The antiscience crowd will be out in force. They’ll cherry-pick the early model projections of an uncontrolled epidemic, and use that to claim that modelers predicted a catastrophe that didn’t happen, and conclude that there was never a problem. This is the Cassandra’s curse of all successful modeling interventions. (See Nobody Ever Gets Credit for Fixing Problems that Never Happened for a similar situation.)

But it won’t stop there. A lot of people don’t really care what the modelers actually said. They’ll just make stuff up. Just today I saw a comment at the Bozeman Chronicle to the effect of, “if this was as bad as they said, we’d all be dead.” Of course that was never in the cards, or the models, but that doesn’t matter in Dunning Krugerland.

Modelers, be prepared for a lot more of this. I think we need to be thinking more about defensive measures, like forecast archiving and presentation of results only with confidence bounds attached. However, it’s hard to do that and to produce model results at a pace that keeps up with the evolution of the epidemic. That’s something we need more infrastructure for.

Dynamics of Hoarding

“I’m not hoarding, I’m just stocking up before the hoarders get here.”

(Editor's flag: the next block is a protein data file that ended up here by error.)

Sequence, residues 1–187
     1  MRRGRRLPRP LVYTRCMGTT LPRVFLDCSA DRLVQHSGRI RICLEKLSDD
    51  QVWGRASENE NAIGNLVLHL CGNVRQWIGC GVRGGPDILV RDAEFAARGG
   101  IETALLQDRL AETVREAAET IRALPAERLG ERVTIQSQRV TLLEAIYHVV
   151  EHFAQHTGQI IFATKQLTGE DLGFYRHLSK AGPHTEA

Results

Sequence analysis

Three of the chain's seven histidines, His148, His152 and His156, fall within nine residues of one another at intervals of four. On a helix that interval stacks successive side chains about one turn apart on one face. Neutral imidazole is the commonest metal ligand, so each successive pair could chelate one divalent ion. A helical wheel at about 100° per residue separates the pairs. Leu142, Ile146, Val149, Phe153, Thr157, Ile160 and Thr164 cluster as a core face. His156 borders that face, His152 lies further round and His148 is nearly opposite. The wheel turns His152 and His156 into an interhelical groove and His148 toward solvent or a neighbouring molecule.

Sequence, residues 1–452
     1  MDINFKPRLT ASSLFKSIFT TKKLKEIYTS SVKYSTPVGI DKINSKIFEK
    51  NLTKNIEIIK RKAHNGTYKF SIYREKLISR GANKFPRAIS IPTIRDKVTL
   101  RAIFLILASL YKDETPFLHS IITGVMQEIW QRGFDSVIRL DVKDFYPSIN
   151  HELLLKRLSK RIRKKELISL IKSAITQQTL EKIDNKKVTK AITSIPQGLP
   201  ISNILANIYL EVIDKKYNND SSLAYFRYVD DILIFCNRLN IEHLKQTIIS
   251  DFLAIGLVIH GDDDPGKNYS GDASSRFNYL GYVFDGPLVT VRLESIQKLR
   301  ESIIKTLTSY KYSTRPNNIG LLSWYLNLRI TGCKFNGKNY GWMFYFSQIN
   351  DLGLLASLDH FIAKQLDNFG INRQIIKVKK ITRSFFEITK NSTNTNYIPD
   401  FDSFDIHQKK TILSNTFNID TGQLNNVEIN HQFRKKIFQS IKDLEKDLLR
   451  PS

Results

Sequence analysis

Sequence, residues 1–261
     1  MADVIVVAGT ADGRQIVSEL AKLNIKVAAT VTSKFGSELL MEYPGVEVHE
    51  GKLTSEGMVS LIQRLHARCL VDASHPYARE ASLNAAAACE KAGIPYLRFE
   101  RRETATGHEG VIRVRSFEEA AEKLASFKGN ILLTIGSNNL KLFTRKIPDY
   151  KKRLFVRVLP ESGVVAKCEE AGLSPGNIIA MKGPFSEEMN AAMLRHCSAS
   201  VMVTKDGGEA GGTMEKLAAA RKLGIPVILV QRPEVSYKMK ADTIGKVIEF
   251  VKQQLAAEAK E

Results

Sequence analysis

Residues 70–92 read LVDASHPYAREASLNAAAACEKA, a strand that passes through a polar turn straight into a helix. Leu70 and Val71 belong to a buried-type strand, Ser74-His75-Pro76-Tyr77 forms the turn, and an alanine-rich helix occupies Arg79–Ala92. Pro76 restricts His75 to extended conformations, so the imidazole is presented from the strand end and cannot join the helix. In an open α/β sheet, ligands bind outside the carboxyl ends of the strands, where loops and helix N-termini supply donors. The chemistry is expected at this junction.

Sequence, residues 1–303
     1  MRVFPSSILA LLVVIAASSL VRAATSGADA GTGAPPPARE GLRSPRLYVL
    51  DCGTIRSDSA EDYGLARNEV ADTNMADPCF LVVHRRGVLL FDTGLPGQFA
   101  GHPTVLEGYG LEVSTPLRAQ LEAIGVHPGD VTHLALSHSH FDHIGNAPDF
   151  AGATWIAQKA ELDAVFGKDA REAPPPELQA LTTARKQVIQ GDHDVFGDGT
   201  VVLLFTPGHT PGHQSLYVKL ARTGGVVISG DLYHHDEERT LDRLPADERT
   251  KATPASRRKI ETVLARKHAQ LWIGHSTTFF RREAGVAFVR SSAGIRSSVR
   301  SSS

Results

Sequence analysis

Behavioral causes of phantom ordering in supply chains
John D. Sterman
Gokhan Dogan

When suppliers are unable to fill orders, delivery delays increase and customers receive less than they desire. Customers often respond by seeking larger safety stocks (hoarding) and by ordering more than they need to meet demand (phantom ordering). Such actions cause still longer delivery times, creating positive feedbacks that intensify scarcity and destabilize supply chains. Hoarding and phantom ordering can be rational when customers compete for limited supply in the presence of uncertainty or capacity constraints. But they may also be behavioral and emotional responses to scarcity. To address this question we extend Croson et al.’s (2014) experimental study with the Beer Distribution Game. Hoarding and phantom ordering are never rational in the experiment because there is no horizontal competition, randomness, or capacity constraint; further, customer demand is constant and participants have common knowledge of that fact. Nevertheless 22% of participants place orders more than 25 times greater than the known, constant demand. We generalize the ordering heuristic used in prior research to include the possibility of endogenous hoarding and phantom ordering. Estimation results strongly support the hypothesis, with hoarding and phantom ordering particularly strong for the outliers who placed extremely large orders. We discuss psychiatric and neuroanatomical evidence showing that environmental stressors can trigger the impulse to hoard, overwhelming rational decision‐making. We speculate that stressors such as large orders, backlogs or late deliveries trigger hoarding and phantom ordering for some participants even though these behaviors are irrational. We discuss implications for supply chain design and behavioral operations research.